Energy Scenario Modelling in Developing Countries

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  • Title: Energy Scenario Modelling in Developing Countries: A Collaborative Computer-based Tool Using Tangible Interfaces
  • Author(s): Matthias Berger
  • Publisher: Common Ground Research Networks
  • Collection: Common Ground Research Networks
  • Series: Spaces & Flows
  • Journal Title: Spaces and Flows: An International Journal of Urban and ExtraUrban Studies
  • Keywords: Energy Scenario Modelling, Collaborative Planning, Tangible Interfaces, Flows, Place, Sustainability
  • Volume: 7
  • Issue: 3
  • Year: 2016
  • ISSN: 2154-8676 (Print)
  • ISSN: 2154-8684 (Online)
  • DOI: https://doi.org/10.18848/2154-8676/CGP/v07i03/43-59
  • Citation: Friedrich, Eva, Matthias Berger, and Stefan Müller Arisona. 2016. "Energy Scenario Modelling in Developing Countries: A Collaborative Computer-based Tool Using Tangible Interfaces." Spaces and Flows: An International Journal of Urban and ExtraUrban Studies 7 (3): 43-59. doi:10.18848/2154-8676/CGP/v07i03/43-59.
  • Extent: 17 pages

Abstract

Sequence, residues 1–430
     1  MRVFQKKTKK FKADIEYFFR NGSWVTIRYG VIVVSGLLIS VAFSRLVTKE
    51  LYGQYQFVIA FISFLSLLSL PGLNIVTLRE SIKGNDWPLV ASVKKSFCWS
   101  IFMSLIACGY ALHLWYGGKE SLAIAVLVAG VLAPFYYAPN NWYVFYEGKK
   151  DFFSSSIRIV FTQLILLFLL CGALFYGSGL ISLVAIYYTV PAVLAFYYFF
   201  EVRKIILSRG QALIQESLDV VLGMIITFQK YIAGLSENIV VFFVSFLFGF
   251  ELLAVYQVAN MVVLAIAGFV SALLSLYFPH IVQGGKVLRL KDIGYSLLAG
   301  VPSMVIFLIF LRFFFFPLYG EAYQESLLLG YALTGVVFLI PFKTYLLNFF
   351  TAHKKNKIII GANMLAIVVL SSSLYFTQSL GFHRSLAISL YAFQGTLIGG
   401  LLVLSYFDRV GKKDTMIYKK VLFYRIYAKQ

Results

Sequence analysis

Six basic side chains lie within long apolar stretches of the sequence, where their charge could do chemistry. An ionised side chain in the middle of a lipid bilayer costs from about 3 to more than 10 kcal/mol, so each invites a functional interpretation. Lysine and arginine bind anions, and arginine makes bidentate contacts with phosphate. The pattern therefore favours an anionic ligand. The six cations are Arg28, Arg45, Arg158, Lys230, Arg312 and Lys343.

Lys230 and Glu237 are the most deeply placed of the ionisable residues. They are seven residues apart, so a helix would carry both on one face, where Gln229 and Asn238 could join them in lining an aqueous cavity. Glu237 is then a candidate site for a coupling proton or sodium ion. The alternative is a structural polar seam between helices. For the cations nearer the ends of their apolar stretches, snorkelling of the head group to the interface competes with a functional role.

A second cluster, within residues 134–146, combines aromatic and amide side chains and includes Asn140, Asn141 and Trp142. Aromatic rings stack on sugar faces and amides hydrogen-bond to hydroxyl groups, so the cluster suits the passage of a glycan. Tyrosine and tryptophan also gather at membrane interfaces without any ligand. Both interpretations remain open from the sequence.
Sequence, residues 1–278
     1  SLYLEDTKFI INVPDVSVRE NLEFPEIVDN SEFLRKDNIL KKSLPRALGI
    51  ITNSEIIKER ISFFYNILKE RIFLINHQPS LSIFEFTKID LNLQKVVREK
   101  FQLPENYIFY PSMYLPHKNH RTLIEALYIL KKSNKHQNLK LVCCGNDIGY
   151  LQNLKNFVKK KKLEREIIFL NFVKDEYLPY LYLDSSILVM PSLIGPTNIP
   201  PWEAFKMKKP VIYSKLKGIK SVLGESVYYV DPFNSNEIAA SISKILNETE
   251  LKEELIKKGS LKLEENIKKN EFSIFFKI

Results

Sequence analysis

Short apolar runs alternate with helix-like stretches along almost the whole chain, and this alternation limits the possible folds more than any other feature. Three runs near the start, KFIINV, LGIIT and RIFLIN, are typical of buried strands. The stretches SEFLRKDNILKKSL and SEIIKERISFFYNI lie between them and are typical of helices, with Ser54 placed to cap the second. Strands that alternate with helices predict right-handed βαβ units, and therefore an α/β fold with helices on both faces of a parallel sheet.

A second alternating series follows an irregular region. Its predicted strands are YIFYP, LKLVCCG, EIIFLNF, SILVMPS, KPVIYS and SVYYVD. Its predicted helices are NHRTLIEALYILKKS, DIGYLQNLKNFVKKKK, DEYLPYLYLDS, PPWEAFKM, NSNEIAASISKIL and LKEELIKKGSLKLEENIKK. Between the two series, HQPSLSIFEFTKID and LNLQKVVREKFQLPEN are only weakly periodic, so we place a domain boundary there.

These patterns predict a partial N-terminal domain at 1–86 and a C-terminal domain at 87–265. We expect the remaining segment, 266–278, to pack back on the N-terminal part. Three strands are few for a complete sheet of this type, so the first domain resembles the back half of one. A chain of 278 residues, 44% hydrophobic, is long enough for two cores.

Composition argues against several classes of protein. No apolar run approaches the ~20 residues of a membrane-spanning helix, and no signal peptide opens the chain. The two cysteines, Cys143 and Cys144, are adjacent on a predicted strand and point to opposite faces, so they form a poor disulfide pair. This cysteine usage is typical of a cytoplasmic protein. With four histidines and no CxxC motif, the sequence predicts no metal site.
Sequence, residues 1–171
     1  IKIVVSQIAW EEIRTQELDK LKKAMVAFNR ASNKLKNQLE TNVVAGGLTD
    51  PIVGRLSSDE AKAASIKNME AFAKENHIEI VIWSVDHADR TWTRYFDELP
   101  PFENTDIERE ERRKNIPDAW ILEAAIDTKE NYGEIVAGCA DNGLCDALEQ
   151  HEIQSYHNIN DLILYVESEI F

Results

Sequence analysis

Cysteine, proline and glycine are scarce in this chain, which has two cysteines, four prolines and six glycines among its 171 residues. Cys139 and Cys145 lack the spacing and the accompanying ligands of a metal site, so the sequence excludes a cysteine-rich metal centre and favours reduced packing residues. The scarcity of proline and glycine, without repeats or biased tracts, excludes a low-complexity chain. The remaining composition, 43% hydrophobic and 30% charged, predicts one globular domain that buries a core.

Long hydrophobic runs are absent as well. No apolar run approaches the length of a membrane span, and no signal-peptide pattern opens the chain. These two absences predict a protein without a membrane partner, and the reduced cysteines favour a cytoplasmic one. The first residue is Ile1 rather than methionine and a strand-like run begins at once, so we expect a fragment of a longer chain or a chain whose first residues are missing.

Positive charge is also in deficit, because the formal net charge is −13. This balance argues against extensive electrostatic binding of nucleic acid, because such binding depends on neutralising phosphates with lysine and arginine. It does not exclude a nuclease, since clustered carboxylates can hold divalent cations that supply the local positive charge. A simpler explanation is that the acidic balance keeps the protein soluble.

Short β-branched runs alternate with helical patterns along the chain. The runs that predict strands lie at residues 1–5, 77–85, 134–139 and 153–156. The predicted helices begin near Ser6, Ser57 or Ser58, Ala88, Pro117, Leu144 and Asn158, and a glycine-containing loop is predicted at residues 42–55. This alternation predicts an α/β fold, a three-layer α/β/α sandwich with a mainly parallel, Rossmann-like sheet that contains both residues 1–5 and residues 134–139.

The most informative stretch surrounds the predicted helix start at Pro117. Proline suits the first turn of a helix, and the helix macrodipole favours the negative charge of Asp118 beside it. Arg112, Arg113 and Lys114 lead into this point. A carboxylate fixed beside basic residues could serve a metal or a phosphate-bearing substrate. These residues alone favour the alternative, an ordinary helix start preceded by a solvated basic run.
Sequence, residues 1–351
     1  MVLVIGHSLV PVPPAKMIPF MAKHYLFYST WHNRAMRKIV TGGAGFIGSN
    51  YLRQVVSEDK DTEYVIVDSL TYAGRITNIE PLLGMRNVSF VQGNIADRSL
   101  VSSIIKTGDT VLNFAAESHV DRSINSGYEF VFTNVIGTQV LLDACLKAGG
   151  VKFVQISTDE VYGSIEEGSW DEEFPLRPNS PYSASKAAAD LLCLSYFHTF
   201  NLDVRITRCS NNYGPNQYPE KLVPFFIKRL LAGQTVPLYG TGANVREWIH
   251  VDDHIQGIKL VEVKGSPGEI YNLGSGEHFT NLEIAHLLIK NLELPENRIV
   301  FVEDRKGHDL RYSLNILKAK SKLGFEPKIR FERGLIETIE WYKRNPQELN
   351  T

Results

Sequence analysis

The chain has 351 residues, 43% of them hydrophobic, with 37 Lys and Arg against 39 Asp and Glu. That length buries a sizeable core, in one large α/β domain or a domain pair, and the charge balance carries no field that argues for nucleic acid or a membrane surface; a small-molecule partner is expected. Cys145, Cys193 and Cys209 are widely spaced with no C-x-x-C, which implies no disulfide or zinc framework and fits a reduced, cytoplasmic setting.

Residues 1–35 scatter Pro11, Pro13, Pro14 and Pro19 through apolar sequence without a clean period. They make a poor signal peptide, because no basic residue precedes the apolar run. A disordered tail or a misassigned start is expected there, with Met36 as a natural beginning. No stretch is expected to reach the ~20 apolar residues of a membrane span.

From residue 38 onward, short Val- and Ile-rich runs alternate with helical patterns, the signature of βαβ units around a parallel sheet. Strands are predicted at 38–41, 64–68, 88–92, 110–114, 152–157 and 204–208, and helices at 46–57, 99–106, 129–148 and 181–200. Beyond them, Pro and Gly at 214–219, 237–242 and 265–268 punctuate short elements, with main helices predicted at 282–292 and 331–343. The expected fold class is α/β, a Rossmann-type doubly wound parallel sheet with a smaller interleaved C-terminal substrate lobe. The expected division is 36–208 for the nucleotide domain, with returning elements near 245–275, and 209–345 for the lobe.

Developing countries face different challenges for future electrical energy planning than developed countries. In particular, rural areas suffer from lack of energy supply, which is due to missing transmission infrastructure, influence of foreign players, and capitalization of energy production resources through export. In this paper, we highlight this situation by the case of Ethiopia, one of the least developed countries worldwide. So far, Ethiopia’s energy strategy is mainly based on hydropower, with major projects under construction. However, these projects are unlikely to support rural areas, and in addition have already sparked international controversy due to the substantial ecological impact. In order to obtain a better understanding of which alternative pathways may be feasible, we offer a new planning methodology based on an interactive and collaborative computer-based tool. The tool allows the exploration of different scenarios that include alternative energy sources such as wind power and photovoltaics. Our tool addresses the gap between current policy debates that will shape the development path of the country and existing energy modeling tools. Most existing tools are sophisticated but seem less adequate for developing countries in terms of scope and basic assumptions. By addressing these shortcomings, we present a tool that takes the specific properties of emerging energy markets into account and allows exploring the impact of various policy decisions in a collaborative way without assuming the presence of perfect markets or ubiquitous infrastructure. The tool does not require expert knowledge and can be made available easily to decision-makers, stakeholders, and the public as we demonstrated at the Addis2050 conference in Addis Ababa in 2012.